In my opinion, Dubai is much more ‘in your face’ than Abu Dhabi is. Dubai shouts at you 24 hours a day, lights blinking and advertising sign boards try to lure you in with their glitzy, shiny façade. The traffic is heavier than in Abu Dhabi and constantly races – the pulse of the city rarely slows or misses a beat. Dubai is switched on and fully charged, all the time. My personal feeling was that if we weren’t doing something in Dubai – we were missing out. We would relax but the city and the pace of life never did. It also took a long time to make a solid, close group of reliable friends in Dubai. We found you really had to sort the wheat from the chaff – there are many people who come to Dubai seeking fame and fortune and find themselves happily caught up in the superficial side of life. It’s nice to have nice things of course, but I like to have friends who can hold interesting conversation and have more in common than the latest must have handbag.
Visiting Dubai now is still fun, we know our way around (roughly, though it has also changed a fair amount in the two years we were away!) and we know where to find and look for the things we need or want. It’s like a familiar old friend that we’ve outgrown, and although it’s good to catch up from time to time we know it’s better at this point in our lives to have drifted apart.
Abu Dhabi has changed a lot since we left in 2011. The city is growing out and growing up. It is quieter than Dubai, and a bit more traditional and it has a definite sense and feeling of community where people speak to each other and help each other out. There’s much more focus on quality of life with the many parks, the Corniche and many of the beaches having been protected and turned into public spaces rather than having been claimed by international hotel chains. It still doesn’t compete with Dubai in terms of the number of hotels or restaurants but it doesn’t need to. Abu Dhabi has a host of fabulous new (and old) hotels that provide the wow factor and the luxury and gourmet experiences, but it also has a wide range of alternatives to suit all budgets and tastes. Unlike Dubai, the city does sleep – a little – but is still bustling with activity and a sense of being ‘real’ and genuine. I have also found the people that I have met here so far to reflect this also – making a new group of friends has seemed far less fickle and complicated than it was in Dubai.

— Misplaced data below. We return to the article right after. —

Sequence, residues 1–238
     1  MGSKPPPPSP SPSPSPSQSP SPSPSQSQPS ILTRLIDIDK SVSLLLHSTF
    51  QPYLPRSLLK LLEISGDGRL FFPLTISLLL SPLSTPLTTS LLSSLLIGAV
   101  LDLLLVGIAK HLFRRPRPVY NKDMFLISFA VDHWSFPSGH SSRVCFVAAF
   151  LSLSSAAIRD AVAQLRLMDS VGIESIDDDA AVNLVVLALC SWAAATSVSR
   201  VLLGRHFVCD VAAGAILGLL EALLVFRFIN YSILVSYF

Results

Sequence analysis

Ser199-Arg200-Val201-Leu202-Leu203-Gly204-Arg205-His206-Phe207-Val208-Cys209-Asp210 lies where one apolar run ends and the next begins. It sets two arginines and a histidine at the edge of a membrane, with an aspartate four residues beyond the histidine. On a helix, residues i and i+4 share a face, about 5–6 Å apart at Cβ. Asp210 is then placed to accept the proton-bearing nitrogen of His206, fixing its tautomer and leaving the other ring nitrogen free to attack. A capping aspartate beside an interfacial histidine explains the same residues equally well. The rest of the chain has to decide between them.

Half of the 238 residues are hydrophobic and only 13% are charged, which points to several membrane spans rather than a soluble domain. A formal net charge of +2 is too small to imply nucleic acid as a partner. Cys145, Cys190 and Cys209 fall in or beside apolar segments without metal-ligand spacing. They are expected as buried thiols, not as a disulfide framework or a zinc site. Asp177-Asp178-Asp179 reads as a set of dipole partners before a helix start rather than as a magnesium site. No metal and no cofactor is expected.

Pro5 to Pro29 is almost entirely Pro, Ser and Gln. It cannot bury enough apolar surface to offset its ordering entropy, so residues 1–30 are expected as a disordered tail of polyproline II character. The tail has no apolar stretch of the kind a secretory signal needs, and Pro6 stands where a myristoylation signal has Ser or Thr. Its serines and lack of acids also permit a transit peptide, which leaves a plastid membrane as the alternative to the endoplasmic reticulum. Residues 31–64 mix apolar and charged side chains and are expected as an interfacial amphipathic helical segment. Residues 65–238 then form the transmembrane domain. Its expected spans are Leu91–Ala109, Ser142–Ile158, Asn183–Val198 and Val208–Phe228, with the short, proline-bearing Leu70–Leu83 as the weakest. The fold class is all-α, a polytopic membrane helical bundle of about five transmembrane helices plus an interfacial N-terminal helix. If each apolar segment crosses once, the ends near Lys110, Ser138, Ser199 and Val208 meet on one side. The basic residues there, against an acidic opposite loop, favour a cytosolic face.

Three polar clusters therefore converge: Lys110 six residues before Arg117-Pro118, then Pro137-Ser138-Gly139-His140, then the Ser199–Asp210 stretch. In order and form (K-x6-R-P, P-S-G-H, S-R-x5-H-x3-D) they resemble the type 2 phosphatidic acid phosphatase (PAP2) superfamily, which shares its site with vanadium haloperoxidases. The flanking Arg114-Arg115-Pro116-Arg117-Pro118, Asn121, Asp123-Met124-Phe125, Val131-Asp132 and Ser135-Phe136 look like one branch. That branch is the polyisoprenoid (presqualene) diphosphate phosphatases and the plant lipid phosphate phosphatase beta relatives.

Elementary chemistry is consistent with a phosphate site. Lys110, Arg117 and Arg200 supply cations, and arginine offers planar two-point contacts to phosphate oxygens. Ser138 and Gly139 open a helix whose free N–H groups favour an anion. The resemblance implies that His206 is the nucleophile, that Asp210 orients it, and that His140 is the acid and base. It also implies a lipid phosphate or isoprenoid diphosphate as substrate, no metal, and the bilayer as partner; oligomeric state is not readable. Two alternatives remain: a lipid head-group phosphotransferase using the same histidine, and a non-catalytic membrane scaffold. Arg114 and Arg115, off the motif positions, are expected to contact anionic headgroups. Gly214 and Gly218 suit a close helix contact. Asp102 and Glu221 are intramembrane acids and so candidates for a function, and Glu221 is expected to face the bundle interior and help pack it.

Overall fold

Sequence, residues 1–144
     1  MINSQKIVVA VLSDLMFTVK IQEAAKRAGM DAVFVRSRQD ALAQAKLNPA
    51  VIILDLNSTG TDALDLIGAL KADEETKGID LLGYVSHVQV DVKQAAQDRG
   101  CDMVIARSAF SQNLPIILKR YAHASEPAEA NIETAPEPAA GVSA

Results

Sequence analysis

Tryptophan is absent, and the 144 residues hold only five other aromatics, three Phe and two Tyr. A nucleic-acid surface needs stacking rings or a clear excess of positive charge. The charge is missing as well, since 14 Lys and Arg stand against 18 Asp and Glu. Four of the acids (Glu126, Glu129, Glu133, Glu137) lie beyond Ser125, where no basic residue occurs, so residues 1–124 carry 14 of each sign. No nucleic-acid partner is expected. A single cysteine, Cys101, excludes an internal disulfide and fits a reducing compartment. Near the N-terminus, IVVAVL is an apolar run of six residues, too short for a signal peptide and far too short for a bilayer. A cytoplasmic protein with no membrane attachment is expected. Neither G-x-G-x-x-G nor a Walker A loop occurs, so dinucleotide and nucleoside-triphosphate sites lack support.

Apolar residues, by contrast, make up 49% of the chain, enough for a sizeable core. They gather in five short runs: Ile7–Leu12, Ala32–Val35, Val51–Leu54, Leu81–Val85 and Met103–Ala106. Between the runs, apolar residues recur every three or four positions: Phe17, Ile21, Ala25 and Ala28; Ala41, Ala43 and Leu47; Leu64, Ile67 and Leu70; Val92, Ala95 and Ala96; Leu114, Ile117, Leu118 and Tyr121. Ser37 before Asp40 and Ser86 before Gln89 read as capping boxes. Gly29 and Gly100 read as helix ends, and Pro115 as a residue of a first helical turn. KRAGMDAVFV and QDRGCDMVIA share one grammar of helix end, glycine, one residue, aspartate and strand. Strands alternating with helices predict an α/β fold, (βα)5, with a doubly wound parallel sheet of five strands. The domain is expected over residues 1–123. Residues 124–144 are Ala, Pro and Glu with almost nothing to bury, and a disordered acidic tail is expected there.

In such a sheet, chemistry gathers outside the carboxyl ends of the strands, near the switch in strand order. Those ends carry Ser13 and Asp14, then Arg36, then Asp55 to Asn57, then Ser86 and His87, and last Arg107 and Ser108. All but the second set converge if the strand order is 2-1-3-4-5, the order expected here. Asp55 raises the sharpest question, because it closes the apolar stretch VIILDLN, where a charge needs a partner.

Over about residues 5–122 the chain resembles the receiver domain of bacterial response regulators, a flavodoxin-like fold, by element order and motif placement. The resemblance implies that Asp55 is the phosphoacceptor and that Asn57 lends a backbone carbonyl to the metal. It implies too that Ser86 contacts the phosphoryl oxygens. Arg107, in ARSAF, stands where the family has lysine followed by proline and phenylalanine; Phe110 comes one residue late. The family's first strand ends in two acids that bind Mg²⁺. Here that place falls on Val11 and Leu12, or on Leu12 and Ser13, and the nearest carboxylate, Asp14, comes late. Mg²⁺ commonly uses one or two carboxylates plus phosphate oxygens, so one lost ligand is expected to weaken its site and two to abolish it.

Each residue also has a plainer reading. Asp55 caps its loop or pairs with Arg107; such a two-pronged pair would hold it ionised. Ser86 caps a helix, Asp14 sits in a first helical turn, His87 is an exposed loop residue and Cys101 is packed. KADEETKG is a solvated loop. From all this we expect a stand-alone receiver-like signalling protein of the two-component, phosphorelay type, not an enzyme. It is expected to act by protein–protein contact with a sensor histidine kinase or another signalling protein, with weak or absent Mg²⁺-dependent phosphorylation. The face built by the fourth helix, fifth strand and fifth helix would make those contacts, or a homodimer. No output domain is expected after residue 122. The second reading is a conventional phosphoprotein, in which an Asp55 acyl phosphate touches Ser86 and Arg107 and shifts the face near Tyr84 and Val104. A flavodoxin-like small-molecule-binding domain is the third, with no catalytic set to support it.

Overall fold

Despite being the capital, Abu Dhabi is the less brash, less famous city of the UAE, but make no mistake – the city is a sleeping giant, working quietly and tirelessly on building its future to include the already well documented Abu Dhabi Formula One and the cultural districts where the Louvre and Guggenheim will live. The city is in a constant state of evolution, I just hope it manages to maintain what makes it so special.
So, to conclude: When we first moved to Abu Dhabi in Jan 2013, knowing that we had previously lived in Dubai for over four years, people were quick to ask us what we thought of it here and to impress on us just how different the two cities were. People asked me how I found Abu Dhabi and if I thought it was different to Dubai. So has my answer changed one year on? Well, maybe a little, but not really. Abu Dhabi is a smaller city than Dubai (for the time being anyway), a bit quieter and definitely a little more traditional. Overall, the lifestyle between both cities seems much the same, but my feeling is that Abu Dhabi gives you more room to tailor your own lifestyle and is certainly more accepting of the choices you make.